According to ISRO, both organisations would make significant contributions to this flagship relationship. The S-Band SAR payload was provided by ISRO, while NASA is in charge of delivering the L-Band SAR payload system. Both SAR systems will use a sizable (about 12m in diameter) common unfurlable reflector antenna. NASA would also contribute engineering payloads for the project, such as a solid-state recorder, a GPS receiver, a high-rate science downlink system, and a payload data subsystem.
On the GSLV expendable launch vehicle provided by ISRO, the NISAR Observatory will be launched from Satish Dhawan Space Centre (SDSC) SHAR, Sriharikota, on the southeast coast of the Indian peninsula. The launch is anticipated to be ready in January 2024. Additionally, in the first quarter of 2024, the NISAR observatory will be launched on Indian soil.
3. SPADEX-Third quarter of 2024
Cost: Rs 124 crore Expected
The Space Docking Experiment, or SPADEX, is a twin spacecraft mission that ISRO is developing to advance technologies related to orbital rendezvous, docking, formation flying, and other proximity operations with a range of applications in human spaceflight, in-space satellite maintenance, and other proximity operations.
Two IMS-class (200 kilogramme) satellites, Chaser and Target, would be launched as co-passengers or supplementary payloads as part of the SPADEX programme. The orbits of both spacecraft would be slightly altered.
SPADEX-Third quarter of 2024 Objectives
-Autonomous rendezvous and docking
-Controlling one spacecraft with the attitude control system of another spacecraft while in docked configuration.
Expected Cost: Not Disclosed Yet
The second interplanetary project proposed by ISRO for India is the Mars Orbiter project 2, also known as Mangalyaan-2. By 2024, ISRO intends to launch this mission.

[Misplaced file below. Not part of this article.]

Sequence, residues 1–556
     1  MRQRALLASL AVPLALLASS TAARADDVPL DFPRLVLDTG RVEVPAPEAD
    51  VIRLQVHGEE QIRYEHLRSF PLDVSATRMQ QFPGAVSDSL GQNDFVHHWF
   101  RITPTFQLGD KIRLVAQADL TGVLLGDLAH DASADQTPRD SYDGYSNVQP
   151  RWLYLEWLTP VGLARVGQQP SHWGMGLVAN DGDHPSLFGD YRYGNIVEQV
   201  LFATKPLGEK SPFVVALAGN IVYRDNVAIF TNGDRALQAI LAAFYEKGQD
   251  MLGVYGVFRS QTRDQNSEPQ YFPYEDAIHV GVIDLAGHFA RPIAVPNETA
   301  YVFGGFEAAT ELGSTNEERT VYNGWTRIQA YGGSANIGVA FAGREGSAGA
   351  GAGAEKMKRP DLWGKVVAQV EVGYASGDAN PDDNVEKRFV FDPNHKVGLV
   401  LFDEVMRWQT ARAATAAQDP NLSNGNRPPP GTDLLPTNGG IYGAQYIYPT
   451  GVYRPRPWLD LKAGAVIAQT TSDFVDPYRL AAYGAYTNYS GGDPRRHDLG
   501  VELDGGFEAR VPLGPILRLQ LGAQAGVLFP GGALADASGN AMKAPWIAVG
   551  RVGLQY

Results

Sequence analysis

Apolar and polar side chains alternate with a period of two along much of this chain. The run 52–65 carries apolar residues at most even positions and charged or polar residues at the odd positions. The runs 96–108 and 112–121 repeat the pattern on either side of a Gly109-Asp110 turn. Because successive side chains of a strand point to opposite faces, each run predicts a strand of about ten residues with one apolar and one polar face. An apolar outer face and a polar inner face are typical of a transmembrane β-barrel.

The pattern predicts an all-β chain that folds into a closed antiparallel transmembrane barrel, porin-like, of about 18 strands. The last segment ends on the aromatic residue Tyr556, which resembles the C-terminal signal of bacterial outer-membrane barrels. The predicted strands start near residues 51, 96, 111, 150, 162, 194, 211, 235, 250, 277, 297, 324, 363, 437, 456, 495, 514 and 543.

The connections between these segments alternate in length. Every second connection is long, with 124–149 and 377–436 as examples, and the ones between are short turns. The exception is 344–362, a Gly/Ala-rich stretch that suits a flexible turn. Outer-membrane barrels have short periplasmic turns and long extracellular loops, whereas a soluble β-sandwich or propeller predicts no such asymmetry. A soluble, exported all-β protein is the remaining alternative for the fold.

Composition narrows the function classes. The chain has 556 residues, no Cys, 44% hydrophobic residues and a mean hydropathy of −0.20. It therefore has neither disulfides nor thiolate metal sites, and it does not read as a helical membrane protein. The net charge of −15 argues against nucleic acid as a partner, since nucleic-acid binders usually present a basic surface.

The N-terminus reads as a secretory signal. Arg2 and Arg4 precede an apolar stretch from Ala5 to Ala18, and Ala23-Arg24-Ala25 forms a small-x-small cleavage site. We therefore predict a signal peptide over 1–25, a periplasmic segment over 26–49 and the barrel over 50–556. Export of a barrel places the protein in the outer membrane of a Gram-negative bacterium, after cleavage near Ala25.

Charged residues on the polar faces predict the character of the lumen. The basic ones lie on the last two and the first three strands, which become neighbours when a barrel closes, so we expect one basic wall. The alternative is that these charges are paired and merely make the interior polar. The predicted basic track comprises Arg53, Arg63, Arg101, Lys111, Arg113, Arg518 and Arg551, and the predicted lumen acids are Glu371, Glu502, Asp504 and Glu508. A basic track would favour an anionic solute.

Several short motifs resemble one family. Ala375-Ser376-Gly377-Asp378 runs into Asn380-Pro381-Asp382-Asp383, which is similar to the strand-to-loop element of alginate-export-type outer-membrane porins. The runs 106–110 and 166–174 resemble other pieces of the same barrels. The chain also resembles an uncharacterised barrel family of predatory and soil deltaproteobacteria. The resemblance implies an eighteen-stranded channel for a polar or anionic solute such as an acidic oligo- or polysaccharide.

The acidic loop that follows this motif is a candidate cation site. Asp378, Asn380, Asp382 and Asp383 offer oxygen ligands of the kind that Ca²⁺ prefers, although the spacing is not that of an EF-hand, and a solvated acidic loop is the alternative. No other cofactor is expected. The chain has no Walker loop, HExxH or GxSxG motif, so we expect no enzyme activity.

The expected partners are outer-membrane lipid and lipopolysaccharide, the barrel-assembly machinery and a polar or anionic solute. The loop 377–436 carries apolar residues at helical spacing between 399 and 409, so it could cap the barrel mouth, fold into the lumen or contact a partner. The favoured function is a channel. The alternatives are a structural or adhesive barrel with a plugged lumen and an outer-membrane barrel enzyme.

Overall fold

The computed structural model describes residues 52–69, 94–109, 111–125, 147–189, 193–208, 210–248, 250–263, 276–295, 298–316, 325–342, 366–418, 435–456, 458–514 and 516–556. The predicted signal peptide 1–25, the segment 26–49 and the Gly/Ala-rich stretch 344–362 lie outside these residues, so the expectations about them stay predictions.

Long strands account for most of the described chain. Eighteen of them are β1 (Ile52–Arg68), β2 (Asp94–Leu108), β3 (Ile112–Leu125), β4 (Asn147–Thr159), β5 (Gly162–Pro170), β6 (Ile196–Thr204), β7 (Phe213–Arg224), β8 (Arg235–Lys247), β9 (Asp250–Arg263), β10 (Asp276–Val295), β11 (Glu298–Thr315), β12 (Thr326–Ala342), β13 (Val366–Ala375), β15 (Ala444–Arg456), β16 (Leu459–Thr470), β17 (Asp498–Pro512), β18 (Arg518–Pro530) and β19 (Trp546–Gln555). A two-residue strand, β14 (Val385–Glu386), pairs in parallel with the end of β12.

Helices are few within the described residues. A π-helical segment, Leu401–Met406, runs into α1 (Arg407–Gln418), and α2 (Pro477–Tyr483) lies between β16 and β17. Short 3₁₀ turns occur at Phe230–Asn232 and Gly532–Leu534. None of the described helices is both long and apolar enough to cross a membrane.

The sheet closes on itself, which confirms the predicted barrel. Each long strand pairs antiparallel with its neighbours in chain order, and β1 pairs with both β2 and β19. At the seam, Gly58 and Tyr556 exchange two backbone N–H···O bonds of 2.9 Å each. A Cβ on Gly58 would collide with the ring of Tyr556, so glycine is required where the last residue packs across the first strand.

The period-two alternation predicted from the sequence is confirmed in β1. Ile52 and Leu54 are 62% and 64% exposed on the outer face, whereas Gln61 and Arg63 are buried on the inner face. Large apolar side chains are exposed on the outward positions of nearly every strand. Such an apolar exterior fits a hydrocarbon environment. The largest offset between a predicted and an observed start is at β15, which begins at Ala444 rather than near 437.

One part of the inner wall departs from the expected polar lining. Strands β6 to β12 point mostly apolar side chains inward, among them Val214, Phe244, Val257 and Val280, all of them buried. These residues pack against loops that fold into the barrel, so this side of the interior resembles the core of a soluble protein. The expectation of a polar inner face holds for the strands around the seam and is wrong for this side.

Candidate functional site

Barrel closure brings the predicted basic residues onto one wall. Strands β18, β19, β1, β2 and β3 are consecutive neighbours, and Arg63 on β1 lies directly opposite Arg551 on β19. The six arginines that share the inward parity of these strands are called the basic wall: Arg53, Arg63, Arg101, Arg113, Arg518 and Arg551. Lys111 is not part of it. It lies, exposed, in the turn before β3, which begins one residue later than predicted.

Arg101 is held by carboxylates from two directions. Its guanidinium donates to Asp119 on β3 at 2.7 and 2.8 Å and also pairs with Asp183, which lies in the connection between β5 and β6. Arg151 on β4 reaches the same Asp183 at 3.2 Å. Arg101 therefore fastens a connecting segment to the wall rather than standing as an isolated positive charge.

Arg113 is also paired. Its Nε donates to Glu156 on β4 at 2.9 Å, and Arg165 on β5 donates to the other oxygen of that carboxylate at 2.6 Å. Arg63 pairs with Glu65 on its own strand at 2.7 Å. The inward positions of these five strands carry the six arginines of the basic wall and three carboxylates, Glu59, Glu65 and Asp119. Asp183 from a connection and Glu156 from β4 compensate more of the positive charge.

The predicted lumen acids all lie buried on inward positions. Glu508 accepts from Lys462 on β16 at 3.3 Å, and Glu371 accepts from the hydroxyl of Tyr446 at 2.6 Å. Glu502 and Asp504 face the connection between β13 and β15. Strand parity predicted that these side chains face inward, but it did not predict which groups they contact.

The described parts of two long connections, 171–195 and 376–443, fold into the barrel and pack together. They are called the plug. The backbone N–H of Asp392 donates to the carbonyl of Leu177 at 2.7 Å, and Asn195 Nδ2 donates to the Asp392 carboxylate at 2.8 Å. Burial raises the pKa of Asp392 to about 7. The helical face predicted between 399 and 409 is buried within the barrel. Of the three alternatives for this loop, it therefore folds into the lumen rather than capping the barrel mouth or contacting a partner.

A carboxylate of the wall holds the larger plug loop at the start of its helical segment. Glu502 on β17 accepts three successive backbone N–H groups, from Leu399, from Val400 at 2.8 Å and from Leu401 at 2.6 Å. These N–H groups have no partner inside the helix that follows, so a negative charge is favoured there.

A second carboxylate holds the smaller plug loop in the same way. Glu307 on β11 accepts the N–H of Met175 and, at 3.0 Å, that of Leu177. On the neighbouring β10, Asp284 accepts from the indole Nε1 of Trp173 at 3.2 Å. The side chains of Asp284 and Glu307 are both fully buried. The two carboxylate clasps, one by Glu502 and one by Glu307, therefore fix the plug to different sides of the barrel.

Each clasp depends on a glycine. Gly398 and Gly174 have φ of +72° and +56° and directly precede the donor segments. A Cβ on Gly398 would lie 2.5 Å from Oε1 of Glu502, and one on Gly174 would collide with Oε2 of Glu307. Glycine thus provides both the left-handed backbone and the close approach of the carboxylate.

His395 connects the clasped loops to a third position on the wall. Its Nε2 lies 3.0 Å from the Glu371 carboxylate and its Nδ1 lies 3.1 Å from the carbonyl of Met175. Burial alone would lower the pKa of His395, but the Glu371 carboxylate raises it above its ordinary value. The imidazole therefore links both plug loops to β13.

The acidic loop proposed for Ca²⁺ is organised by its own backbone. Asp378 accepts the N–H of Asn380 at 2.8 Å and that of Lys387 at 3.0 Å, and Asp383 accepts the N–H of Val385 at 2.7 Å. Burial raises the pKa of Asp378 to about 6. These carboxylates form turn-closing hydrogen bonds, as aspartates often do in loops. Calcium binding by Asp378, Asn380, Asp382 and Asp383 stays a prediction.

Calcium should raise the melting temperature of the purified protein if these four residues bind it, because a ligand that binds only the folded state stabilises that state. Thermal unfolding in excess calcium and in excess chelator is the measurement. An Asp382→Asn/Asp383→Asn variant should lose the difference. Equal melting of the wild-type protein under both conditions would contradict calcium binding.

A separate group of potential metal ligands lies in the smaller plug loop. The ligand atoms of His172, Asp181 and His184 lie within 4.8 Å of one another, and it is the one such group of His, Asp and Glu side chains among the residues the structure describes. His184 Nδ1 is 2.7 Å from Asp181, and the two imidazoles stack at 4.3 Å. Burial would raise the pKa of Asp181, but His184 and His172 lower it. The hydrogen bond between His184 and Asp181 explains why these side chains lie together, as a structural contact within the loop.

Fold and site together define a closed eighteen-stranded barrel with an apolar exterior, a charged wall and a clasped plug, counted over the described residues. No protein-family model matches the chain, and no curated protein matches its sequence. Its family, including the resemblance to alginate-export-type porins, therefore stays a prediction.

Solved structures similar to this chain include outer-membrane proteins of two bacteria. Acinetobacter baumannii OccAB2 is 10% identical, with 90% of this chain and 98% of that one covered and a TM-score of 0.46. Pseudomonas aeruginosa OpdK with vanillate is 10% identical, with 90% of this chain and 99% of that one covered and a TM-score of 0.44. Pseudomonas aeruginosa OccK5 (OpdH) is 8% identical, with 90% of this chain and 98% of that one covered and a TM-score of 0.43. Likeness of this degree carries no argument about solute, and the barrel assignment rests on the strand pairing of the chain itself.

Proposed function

It had been mentioned that Chandrayaan-3, a lunar mission, will launch before Mangalyaan-2. According to reports, the mission will have a hyperspectral camera, a high-resolution panchromatic camera, and a radar to study recent basalts, boulder falls, and the early Martian crust.
Expected Cost: Rs 9023 Crore
India’s first human space mission, Gaganyaan, is scheduled to launch in 2024. The first unmanned mission, known as the “G1 mission,” will launch in the fourth quarter of 2023, followed by the second unmanned mission, known as the “G2 mission,” in the second quarter of 2024, and the final human space flight, known as the “H1 mission,” in the fourth quarter of 2024.
6. Shukrayaan 1–2031
Expected Cost: Rs 500 Crore – Rs 1,000 Crore
P. Sreekumar, the Satish Dhawan Professor at ISRO and advisor to its space research programme predicted earlier this year that the Venus mission, known as Shukrayaan I, will launch in December 2024. The concept was conceived in 2012, more than ten years ago.
The best time to launch from Earth to Venus is once every 19 months. In case it misses the 2024 window, ISRO has “backup” launch dates in 2026 and 2028. But every eight years, new better windows present themselves that further cut down on the quantity of fuel needed for takeoff.